Aviano stops short of alcohol ban after recent DUIs, relying on awareness campaign
AVIANO AIR BASE, Italy — To combat a recent spate of drunken-driving incidents, Aviano Air Base will attempt to raise servicemembers’ awareness about alcohol abuse, stopping short of a ban on all drinking.
During a commander’s call Wednesday, Brig. Gen. Barre R. Seguin, 31st Fighter Wing commander, underscored the need for personal responsibility among the airmen.
Four DUIs involving Aviano servicemembers since Feb. 28 resulted in the wing’s implementation of a DUI battle plan, which could have led to a general order banning alcohol consumption on and off base.
The awareness-raising effort encourages individuals to take responsibility for their actions and to ensure that the leadership remains active and vigilant, said Capt. Michael Hertzog, a wing public affairs officer.
“Having a plan in place lets our people know we’re concerned about this behavior, and we want to take a very focused and really planned approach in preventing and eliminating this from occurring again,” said Chief Master Sgt. Anthony W. Johnson, 31st Fighter Wing command chief.
One of the tools employed is Airmen Against Drunk Driving, whose weekend volunteers assist airmen who might need a ride home after a night on the town.
“There’s still a need for individuals to step up and volunteer,” Hertzog said.
Seguin has conducted two mandatory sessions with base airmen to discuss the DUIs.
“I think it’s wise not to implement General Order No. 1 yet ... but it doesn’t mean that people can’t be responsible,” 1st Lt. Glynnis Davis said after the commander’s call.
Seguin praised the majority of the base’s population for doing the right thing, noting that only a few had hit bumps in the road, Hertzog said.
Before the first DUI, the base had not had a drunken driving incident since Oct. 7, 2014. The base had 12 confirmed DUIs in 2014, far fewer than in previous years.
In 2013, there were 22, and in 2012 there were 38, according to the 31st Fighter Wing.
Johnson said Seguin decided to conduct the commander’s call to drive home the connections each individual has had with DUI incidents.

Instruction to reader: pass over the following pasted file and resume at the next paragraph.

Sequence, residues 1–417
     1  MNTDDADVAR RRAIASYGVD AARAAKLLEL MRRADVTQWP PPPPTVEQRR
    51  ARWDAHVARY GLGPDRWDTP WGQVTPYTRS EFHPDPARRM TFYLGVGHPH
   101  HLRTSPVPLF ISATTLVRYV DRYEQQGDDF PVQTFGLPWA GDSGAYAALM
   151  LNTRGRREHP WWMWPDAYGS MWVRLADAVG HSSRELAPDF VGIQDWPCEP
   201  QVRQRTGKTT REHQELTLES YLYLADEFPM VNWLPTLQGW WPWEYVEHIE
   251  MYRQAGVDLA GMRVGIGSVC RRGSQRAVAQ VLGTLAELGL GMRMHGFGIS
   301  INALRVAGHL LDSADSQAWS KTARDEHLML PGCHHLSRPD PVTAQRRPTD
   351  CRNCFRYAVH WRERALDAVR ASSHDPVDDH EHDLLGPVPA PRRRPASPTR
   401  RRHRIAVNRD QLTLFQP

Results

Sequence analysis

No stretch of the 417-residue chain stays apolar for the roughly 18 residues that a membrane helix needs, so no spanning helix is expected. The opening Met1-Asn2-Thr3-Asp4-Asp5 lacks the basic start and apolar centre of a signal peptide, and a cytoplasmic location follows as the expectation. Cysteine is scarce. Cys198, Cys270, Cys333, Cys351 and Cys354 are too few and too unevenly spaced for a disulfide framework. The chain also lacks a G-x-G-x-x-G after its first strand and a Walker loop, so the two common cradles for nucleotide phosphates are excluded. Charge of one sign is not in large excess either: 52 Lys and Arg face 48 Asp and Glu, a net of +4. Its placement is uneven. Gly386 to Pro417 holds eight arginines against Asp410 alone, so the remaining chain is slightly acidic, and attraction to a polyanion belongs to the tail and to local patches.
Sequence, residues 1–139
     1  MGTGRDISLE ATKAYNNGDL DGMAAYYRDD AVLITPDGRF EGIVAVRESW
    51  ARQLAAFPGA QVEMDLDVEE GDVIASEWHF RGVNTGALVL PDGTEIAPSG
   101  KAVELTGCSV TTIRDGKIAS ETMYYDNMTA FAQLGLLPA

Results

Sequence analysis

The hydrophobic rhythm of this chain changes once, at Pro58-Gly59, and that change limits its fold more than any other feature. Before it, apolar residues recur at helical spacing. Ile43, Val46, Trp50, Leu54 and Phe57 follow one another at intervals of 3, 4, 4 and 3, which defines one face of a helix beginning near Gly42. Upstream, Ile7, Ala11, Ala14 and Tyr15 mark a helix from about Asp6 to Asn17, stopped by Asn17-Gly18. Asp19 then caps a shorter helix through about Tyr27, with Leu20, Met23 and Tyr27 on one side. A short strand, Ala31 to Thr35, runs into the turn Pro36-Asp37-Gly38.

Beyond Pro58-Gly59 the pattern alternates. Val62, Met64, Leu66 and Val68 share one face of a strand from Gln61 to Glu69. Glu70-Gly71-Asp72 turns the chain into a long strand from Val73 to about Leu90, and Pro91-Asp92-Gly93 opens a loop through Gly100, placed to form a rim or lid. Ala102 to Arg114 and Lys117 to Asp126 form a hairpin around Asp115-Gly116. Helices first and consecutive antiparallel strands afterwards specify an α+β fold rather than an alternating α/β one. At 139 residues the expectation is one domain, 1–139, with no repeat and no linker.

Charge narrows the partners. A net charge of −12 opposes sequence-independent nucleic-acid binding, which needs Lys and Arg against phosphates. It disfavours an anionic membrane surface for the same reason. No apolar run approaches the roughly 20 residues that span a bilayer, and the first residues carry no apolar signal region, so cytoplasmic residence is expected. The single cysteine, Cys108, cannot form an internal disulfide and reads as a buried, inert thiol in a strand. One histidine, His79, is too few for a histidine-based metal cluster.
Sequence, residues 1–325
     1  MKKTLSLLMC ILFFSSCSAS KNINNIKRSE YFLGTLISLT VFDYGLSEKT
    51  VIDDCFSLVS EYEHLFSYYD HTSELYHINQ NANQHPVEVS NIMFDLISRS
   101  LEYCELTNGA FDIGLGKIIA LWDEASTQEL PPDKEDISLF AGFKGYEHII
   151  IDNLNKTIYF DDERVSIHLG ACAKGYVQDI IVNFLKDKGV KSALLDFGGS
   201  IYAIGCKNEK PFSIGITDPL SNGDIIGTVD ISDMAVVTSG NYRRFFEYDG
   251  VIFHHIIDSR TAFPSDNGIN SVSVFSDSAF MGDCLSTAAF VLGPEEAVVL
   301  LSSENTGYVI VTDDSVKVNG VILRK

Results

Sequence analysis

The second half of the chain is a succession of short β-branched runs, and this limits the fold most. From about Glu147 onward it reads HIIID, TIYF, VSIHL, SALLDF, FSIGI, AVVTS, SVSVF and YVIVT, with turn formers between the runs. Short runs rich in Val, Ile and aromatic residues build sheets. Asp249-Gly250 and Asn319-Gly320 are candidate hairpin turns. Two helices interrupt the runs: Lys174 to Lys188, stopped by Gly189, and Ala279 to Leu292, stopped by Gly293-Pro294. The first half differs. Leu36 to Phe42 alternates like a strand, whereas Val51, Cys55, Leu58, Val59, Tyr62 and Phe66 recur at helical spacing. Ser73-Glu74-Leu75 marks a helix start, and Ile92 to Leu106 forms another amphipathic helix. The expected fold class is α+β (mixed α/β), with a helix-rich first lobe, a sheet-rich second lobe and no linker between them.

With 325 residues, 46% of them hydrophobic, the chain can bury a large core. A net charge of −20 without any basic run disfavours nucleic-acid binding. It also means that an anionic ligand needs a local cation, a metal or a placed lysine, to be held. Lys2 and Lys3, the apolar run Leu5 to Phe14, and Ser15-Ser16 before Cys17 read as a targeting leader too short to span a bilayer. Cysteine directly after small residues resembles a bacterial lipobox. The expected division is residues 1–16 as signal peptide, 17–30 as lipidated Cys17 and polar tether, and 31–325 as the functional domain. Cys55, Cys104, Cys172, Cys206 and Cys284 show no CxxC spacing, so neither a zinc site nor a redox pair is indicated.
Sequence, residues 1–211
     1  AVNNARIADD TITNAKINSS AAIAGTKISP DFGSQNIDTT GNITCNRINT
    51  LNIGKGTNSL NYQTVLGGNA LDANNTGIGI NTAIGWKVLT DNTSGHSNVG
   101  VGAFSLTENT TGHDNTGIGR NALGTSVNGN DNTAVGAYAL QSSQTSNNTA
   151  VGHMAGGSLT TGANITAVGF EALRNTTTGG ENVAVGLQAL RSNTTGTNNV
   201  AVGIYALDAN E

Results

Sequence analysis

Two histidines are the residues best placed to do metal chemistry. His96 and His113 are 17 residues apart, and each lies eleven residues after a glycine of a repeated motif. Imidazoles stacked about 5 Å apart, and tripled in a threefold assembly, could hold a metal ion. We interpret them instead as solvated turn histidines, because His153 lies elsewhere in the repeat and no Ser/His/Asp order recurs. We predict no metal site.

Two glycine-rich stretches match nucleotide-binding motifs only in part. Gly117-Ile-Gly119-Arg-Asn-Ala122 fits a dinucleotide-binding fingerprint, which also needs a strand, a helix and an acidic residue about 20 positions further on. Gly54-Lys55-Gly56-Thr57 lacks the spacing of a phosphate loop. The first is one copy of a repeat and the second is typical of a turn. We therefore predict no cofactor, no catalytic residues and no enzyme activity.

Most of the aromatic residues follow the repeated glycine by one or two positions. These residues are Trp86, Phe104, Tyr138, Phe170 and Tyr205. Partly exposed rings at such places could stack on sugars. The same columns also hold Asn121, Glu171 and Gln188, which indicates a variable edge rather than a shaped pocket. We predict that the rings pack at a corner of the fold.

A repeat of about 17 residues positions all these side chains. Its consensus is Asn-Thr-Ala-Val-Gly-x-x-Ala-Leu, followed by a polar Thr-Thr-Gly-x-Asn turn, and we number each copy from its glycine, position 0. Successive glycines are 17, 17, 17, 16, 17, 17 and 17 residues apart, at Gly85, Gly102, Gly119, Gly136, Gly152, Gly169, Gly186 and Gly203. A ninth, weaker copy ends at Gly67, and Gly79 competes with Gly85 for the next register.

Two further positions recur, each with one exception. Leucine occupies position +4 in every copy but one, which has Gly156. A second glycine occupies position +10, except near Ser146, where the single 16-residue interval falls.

Of about 1,000 airmen who attended the morning session of Wednesday’s commander’s call, almost half raised their hands when Seguin asked whether they had been affected by a DUI, Hertzog said.
One such connection was made in a video in which the mother of late Airman 1st Class Dennis A. Felton II spoke about her son. Felton died just outside Aviano Air Base in June 2013 while riding as a passenger with Airman Demarrius R. Jeffers. Jeffers pleaded guilty to drunken driving and involuntary manslaughter and was sentenced to two years and six months in prison.
“I think the plan is a good start, but I think one DUI is one too many and can impact careers, impact lives and impact families,” said Master Sgt. Jesus Antillon, Operations Group first sergeant.
Other leaders within Europe have elected to trust their airmen and uphold core values.
In August 2014, the 86th Airlift Wing command team lifted a 17-month ban on alcohol possession and consumption in and around the dormitories at Ramstein Air Base.
“I’m a firm believer in treating airmen like airmen, treating them like professionals, holding them to a standard,” Brig. Gen. Patrick X. Mordente, said at the time in an interview with Stars and Stripes.
The 31st Fighter Wing leadership isn’t against implementing a base-wide ban if the conditions require it, Johnson said.